The physical health of people tends to affect their social interactions very profoundly – it’s no secret that people who don’t get enough sleep tend to become less engaged in social situations. However, the opposite can also be true: people who experience stress or anxiety in social situations tend to show physical symptoms like elevated blood pressure and increased perspiration.
- Brain chemistry
Although the exact role of brain chemistry in the development of social anxiety is still poorly understood, it is generally accepted that some amount of genetic factors are involved. Research has also indicated that there may be a link between fear responses in certain parts of the brain and social anxiety – which means that a teen’s environment could influence their level of susceptibility to these responses.
- Body language
Teens who suffer from social anxiety may be very aware of their difficulties in communicating nonverbally and therefore find themselves struggling to interpret the body language of the people around them. This can lead to confusion and an inability to read other people’s emotions, which in turn can make interacting with others more stressful.
- Physical symptoms
Teens with social anxiety may experience various physical symptoms when they are anxious in social situations – from facial tics to gastrointestinal issues. Physical symptoms are often part of the emotional stress response, so it is not surprising that some of these responses can be present even when the person feels entirely calm and relaxed.
How To Help Your Socially Anxious Teen
“It’s better to talk about it.”
All teenagers go through difficult periods in their lives – this is natural, and it’s also normal for us all to experience some level of social anxiety during this time. However, there is a difference between struggling with our feelings and indulging in social behavior that involves being completely aware of the emotions we are trying to express.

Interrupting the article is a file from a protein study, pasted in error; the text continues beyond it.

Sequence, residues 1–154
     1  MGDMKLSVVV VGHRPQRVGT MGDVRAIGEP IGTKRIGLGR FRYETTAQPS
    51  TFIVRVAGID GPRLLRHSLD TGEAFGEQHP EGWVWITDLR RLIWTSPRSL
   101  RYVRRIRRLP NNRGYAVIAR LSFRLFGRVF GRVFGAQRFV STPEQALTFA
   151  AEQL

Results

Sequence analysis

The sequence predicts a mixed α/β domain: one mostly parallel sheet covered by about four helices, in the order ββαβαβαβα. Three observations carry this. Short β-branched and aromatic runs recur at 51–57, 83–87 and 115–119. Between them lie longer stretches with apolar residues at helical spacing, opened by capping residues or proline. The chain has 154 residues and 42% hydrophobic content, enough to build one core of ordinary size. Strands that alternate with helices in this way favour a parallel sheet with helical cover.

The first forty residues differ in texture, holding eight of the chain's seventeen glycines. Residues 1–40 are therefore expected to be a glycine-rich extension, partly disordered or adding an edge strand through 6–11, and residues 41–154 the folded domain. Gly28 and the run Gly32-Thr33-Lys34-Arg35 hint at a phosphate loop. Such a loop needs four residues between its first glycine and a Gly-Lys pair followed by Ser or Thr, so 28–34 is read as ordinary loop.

Teenagers who suffer from social anxiety are at risk for damaging various aspects of their health and functioning – including their relationships, mental health, academic performance, and physical well-being.
In addition, adolescents who struggle with social anxiety often hurt other people, especially by acting in socially disruptive ways. For example, one teen may start fighting with his family or another teen or even a teacher. This can lead to real-life problems, and we must make sure these adolescents receive help before their symptoms become cause for concern.
Adolescents who are struggling with low self-esteem could find they cannot communicate effectively with others – which can be detrimental to their relationships and possible future relationships as well. Furthermore, if these symptoms persist and are not addressed, the teenager could find it increasingly difficult to function in the world at all.
One of the best things that teenagers who suffer from social anxiety can do is seek professional help. This can be a big step for them, and it may even seem scary at first. However, with time and effort, the teenager will begin to notice positive changes in their life – including improvements in their grades at school and fewer conflicts at home.
Therapy For Teen Social Anxiety
At Washington Psychological Wellness, our team of clinicians is specially trained to treat social anxiety concerns, especially in teens.
Therapy can help teens with social anxiety in many ways. It can help them during difficult social situations, teach them to interact better with people, and improve their self-esteem. Therapists will teach teens how to use healthy coping mechanisms so they can handle this difficult time in their lives with more confidence. Therapy can also help teens develop positive relationships, increasing their chances to have friends and be happy.
Ready to seek therapy for teen social anxiety?
Contact us today for a complimentary 15-minute initial consultation!